Background: In July 2001, PET became a covered service for Medicare beneficiaries when used for the diagnosis, staging, and restaging of non-small-cell lung, esophageal, colorectal, and head and neck cancers as well as lymphoma and melanoma. Whether physicians use PET as a replacement for or in addition to CT, MRI, or bone scintigraphy (BS) is uncertain.
Methods: A 20% sample of Medicare fee-for-service beneficiaries aged > 64 years from 2004 through 2008 was used. Annually for each cancer type, a cohort of patients was created defined as having at least one admission with a primary cancer diagnosis or two nonhospital claims with a cancer diagnosis ≥7 days apart per calendar year. Each year, imaging claims and claim-days were counted by modality and cancer type. The sequence of PET use was examined as before, after, or instead of other imaging.
Results: About 125,000 beneficiaries (2.5% of the cohort) met the cancer definition each year. In 2008, the combined annual imaging days per person-year were 2.3 for CT, 0.49 for MRI, 0.70 for PET, and 0.13 for BS. The annual rates of imaging from 2004 to 2008 increased by 0.5% for CT, 3.2% for MRI, and 18.0% for PET (range, 14.6%-19.9% by cancer type) and decreased by 12.7% for BS. The growth in PET use was not associated with meaningful changes in body CT. In 2007 and 2008, body CT preceded PET within 30 days in about half of patients, whereas PET preceded CT in only 22%.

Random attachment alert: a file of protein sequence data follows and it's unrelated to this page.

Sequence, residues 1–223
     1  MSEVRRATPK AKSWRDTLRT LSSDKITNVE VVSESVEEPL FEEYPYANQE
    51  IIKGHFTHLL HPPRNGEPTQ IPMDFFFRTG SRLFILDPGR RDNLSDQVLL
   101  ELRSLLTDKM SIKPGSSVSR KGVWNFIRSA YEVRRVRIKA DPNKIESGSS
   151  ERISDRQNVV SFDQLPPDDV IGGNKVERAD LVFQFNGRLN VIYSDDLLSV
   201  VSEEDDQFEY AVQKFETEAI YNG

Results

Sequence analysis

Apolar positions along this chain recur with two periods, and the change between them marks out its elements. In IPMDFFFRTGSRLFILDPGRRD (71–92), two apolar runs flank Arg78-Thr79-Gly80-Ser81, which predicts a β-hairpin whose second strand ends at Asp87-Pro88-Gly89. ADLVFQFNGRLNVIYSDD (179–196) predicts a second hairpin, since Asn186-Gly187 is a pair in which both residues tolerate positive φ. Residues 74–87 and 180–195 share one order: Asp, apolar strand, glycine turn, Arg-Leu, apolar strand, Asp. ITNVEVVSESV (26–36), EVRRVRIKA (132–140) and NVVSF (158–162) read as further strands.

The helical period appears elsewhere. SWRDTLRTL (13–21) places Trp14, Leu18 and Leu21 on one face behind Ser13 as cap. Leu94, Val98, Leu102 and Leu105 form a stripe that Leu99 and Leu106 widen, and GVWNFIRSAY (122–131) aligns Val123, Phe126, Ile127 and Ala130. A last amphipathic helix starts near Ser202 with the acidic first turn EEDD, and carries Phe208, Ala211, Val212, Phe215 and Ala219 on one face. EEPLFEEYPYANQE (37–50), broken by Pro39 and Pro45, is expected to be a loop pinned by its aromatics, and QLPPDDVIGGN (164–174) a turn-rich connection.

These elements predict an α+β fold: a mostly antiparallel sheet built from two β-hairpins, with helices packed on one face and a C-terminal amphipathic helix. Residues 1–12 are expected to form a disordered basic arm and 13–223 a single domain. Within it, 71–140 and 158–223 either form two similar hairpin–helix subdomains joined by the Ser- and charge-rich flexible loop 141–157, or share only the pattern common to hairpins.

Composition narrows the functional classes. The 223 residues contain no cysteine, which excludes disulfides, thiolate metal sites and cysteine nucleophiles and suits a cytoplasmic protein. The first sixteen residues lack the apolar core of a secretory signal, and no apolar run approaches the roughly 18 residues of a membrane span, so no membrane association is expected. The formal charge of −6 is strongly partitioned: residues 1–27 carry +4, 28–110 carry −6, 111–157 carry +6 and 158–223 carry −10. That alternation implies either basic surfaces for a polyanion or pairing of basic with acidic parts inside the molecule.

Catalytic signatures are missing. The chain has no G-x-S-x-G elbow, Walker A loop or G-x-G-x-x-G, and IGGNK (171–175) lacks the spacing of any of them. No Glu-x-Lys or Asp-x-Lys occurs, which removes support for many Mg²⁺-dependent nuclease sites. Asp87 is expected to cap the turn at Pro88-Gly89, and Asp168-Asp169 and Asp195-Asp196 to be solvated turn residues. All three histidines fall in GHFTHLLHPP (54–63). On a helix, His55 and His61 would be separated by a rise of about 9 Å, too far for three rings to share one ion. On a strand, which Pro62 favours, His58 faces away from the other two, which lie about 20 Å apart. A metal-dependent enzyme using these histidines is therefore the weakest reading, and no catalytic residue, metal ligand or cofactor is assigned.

Conclusions: Several years after its introduction, PET continued to grow rapidly, with evidence that it is replacing BS. Growth of PET occurred without evidence of a decline in body CT. About half of PET use occurred shortly after body CT, suggesting an additive or final arbiter role.
Copyright © 2012 American College of Radiology. Published by Elsevier Inc. All rights reserved.